It is often assumed that when an incapacitated person needs a guardian, all right of decision-making is taken from the person in need. While the removal of the right of self decision-making may be required in the vast majority of cases, it is not necessarily so. More and more states, including New Jersey, have introduced the “Limited Guardianship”.
A guardian is appointed when two physicians have personally examined an individual and determine that he or she is no longer able to govern their own affairs. A guardian is appointed during the resulting court proceeding. The guardian may then be given authority over the person’s financial affairs, a “Guardian of the Property”, and/or authority over their person (housing, medical decisions etc.), a “Guardian of the Person”, or both, a “Plenary Guardianship”. Although the majority of guardianships are Plenary, it need not be so. A pending case in Virginia illustrates this point.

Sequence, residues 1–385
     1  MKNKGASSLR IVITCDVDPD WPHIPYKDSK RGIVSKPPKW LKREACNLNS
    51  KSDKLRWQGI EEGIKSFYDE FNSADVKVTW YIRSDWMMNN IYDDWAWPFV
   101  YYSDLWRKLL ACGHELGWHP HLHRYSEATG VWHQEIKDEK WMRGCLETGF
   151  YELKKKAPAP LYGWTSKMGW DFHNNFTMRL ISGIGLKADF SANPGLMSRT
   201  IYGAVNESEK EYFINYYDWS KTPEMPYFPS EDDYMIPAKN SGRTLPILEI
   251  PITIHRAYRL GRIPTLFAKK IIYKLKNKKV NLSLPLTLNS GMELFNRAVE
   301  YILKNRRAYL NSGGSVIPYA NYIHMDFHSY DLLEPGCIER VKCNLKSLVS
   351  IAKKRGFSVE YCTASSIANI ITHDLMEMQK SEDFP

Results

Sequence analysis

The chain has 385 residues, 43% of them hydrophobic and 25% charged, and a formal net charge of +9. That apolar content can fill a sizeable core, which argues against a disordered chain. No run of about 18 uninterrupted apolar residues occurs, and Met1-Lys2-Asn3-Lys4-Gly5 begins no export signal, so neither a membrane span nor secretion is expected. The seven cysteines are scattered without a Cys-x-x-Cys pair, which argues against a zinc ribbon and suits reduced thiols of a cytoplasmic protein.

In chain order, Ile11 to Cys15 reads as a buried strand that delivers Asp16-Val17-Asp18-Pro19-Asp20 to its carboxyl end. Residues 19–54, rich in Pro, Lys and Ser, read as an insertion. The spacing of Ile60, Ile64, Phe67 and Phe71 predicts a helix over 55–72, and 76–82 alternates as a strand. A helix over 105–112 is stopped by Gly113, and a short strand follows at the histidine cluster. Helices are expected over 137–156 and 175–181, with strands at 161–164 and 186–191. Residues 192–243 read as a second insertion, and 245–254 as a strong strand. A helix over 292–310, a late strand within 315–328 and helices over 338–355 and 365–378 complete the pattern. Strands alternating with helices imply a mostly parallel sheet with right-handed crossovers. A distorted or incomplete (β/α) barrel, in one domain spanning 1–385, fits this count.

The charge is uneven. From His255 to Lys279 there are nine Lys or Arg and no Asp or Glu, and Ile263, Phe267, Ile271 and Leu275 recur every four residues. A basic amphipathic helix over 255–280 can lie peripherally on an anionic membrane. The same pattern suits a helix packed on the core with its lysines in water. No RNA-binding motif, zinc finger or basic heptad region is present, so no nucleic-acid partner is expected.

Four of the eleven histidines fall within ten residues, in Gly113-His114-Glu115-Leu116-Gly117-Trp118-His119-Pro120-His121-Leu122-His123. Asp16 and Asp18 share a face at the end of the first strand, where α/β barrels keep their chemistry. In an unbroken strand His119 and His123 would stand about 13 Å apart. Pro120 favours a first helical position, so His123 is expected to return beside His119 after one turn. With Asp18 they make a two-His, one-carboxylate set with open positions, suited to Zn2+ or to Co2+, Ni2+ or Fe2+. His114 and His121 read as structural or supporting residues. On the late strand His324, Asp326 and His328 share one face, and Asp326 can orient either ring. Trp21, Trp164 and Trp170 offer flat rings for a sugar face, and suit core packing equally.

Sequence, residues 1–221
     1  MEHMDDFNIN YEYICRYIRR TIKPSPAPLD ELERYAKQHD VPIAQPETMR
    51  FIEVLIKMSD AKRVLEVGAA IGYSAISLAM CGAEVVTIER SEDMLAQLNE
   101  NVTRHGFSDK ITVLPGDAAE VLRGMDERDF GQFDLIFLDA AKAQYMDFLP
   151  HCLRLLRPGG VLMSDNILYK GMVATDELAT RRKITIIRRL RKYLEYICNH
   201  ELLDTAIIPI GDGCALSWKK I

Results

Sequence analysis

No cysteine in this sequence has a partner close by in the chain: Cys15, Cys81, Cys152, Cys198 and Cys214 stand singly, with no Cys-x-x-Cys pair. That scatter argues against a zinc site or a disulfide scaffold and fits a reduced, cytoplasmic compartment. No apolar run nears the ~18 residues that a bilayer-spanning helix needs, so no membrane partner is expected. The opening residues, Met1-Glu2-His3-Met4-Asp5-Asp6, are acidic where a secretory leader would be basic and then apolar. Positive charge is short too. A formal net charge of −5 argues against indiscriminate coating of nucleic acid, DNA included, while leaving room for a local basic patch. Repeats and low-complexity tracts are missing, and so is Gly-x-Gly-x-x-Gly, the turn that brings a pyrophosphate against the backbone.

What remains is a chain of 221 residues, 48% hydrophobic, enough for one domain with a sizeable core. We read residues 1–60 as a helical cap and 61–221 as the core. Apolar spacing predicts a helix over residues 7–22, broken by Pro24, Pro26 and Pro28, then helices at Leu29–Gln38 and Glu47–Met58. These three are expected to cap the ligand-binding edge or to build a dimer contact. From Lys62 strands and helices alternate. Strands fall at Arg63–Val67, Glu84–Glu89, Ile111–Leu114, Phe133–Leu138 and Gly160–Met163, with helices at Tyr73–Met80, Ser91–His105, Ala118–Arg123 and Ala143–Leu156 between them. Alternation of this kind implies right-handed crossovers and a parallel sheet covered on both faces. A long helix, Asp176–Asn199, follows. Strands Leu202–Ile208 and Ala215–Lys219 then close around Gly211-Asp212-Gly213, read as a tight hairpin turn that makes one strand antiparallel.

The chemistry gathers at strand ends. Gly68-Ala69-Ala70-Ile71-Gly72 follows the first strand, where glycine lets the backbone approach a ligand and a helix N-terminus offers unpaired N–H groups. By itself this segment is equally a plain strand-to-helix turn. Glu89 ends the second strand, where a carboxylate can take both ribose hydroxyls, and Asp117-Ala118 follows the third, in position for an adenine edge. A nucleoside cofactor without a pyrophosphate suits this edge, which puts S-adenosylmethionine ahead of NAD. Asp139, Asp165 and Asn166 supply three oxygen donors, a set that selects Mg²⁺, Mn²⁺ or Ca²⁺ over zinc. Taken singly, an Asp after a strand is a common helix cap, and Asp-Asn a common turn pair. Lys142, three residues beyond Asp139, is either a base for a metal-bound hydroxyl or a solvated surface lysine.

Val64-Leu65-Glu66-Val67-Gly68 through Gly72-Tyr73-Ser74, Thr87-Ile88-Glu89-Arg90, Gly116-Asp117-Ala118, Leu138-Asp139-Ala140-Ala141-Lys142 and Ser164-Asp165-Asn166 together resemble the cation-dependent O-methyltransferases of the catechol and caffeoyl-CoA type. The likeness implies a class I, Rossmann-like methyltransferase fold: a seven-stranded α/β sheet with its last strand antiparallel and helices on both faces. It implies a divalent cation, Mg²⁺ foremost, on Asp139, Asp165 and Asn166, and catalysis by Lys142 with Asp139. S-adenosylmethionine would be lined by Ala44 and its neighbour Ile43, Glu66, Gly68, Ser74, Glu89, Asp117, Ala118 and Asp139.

A 29-year-old woman with Down Syndrome, Margaret, is fighting her parents’ attempt to become her guardian. Before last August, neither of Margaret’s divorced parents wanted to care for her. Margaret moved between friend’s apartments and group homes, before settling in with her employers at their home. Once she secured Medicaid Waiver services, Margaret’s parents filed for guardianship of their daughter.
Margaret is contesting the guardianship. She insists that she should have the right to live where she wants. Her supporters have started a “Justice for Jenny” campaign, and her cause has drawn the interest of national advocacy groups. The Court has yet to reach a decision, but it may well be that this is an appropriate case for a limited guardianship.
© Shanahan & Voigt, LLC 2014
BE ADVISED that these comments are not legal opinions and are not to be relied upon as legal advice. If you need legal advice, contact your county bar association; most of which have referral services.